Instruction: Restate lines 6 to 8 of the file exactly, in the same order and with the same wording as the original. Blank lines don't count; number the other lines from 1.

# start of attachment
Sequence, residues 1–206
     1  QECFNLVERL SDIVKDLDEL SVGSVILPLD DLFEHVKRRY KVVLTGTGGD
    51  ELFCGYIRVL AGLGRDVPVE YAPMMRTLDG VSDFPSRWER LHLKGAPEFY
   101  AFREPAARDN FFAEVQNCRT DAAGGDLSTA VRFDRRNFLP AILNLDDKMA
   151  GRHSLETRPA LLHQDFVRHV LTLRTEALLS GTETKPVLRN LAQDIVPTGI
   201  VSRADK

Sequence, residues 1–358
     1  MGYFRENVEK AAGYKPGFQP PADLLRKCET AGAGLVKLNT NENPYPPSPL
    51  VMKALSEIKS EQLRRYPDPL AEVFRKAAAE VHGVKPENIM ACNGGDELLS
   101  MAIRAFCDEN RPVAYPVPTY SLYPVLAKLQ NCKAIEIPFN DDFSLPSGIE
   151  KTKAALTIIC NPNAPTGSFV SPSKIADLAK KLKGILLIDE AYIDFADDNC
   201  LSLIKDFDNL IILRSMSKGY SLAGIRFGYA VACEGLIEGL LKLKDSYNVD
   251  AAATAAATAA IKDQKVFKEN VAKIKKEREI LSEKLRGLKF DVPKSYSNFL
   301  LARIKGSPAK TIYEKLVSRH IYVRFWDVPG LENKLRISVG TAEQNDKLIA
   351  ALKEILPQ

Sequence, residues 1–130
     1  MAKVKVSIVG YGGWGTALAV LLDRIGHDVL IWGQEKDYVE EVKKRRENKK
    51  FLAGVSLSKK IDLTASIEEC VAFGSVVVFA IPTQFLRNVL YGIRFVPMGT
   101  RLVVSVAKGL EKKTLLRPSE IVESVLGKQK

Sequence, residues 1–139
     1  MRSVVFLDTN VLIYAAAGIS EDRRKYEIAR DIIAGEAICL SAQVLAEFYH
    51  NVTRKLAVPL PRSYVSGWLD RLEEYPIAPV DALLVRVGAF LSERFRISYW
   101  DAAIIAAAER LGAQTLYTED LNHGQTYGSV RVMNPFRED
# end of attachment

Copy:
   201  VSRADK

Sequence, residues 1–358
     1  MGYFRENVEK AAGYKPGFQP PADLLRKCET AGAGLVKLNT NENPYPPSPL